Back in the mid 90’s, a victim’s family witnessing an execution was extremely rare and practically unheard of. I tracked down two families; one in all places California and the other one in Louisiana. Some of you might recall seeing the Oscar award winning movie Dead Man Walking about a nun’s relationship (Sister Helen Prejean) with a death row inmate whom she eventually becomes his spiritual advisor. I contacted Elizabeth Harvey whose daughter Faith was one of two people murdered by the subject in the movie. I wanted to know what it meant for a victim’s family who actually witnessed the execution to be there in person. Mrs. Harvey graciously agreed to assist me and actually made a cassette tape (those were the days) describing what it meant for her and her late husband Vernon to be at the execution. She stated “You know I didn’t want to watch it on the news, read about it in the paper or listen to it on the radio; that person was the last one to see my daughter, look into her eyes and hear her breathe---Your damn right I am going to be there”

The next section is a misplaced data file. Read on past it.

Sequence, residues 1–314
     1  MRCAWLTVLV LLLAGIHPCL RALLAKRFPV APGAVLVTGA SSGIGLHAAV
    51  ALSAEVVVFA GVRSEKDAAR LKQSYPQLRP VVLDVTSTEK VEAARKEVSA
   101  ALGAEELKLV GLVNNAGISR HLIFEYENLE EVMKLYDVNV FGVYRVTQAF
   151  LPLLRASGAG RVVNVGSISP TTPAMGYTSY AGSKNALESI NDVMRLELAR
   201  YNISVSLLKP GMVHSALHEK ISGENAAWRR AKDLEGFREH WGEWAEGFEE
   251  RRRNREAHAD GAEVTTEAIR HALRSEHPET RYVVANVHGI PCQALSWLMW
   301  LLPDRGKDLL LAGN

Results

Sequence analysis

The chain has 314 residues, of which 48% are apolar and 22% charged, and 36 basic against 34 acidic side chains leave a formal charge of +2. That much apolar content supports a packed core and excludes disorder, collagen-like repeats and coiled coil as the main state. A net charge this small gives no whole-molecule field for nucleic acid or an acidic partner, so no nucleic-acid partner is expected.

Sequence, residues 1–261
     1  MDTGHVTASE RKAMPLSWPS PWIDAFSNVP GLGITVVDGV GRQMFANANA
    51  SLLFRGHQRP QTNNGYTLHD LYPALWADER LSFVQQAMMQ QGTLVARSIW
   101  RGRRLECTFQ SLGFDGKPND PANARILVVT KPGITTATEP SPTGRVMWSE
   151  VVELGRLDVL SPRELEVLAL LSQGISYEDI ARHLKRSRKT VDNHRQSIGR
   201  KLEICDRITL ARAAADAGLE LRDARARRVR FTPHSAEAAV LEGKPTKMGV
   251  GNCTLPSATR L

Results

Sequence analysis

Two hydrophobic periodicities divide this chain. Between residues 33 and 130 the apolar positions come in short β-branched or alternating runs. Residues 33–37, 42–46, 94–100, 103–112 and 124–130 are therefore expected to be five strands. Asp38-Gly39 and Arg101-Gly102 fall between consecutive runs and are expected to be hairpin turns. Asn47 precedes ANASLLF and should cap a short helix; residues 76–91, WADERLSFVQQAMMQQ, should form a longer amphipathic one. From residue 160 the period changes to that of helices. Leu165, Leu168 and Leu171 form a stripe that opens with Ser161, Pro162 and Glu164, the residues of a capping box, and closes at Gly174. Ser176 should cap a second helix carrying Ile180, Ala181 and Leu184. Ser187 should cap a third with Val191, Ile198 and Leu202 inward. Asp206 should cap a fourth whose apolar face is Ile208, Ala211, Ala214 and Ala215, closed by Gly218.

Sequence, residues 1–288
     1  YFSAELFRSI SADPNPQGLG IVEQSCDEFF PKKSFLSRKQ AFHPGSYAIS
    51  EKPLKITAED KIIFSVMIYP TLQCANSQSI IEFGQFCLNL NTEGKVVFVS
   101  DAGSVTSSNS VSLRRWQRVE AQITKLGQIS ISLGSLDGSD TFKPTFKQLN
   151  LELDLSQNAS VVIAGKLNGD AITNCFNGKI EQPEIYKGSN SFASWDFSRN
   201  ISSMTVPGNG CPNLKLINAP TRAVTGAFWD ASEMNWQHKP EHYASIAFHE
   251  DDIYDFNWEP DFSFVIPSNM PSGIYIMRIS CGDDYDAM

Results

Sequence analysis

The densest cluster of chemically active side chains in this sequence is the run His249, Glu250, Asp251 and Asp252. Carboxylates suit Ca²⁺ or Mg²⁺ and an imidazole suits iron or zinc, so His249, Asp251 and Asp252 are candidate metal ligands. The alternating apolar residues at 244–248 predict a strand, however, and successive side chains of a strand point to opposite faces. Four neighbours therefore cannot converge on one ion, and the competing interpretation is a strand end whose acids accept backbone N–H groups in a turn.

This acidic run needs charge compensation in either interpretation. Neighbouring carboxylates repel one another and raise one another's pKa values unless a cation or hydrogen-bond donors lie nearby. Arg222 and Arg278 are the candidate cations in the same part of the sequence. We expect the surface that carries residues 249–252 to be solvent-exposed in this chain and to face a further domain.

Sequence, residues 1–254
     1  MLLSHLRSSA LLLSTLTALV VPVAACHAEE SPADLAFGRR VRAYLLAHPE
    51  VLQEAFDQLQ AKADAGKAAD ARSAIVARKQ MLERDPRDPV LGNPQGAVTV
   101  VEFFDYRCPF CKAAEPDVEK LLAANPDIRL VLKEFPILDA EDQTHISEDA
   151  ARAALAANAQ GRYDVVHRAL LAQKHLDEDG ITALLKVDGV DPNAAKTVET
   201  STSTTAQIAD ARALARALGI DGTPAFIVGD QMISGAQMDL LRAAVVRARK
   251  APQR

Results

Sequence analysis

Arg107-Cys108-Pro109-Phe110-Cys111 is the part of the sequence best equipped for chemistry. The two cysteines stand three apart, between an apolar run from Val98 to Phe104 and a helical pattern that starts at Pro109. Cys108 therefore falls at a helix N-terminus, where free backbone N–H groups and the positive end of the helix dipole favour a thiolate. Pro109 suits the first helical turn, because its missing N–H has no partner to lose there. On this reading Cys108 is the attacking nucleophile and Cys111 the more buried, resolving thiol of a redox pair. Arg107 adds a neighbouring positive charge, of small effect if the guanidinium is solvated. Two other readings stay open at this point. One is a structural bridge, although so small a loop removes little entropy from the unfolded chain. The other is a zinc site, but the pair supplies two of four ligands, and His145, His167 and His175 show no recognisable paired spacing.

Legislation was proposed to allow victims’ families into the execution chamber and it swiftly passed the Senate with no opposition. My testimony basically stated the issue of victims’ families being allowed to be in the execution chamber was symbiotic to inmates rights. If the inmate’s family, friends and relatives are allowed to be present then quid pro quo for victims’ families. Strictly, a semblance of fairness and balance.  The House proved otherwise not because of the issue but because of petty childish politics. I was advised by the Bill sponsor that the Chairman of the Calendars Committee which is responsible for bringing bills up to be voted on by the full house was in a feud with the Bill’s co-sponsor and stated unless his name was removed from the Bill he would bury it. Sure enough, none of them were going to budge and our bill to allow victims’ families to witness executions died without ever having been voted on. Plan A failed so I went into Plan B mode. (I don’t like to lose)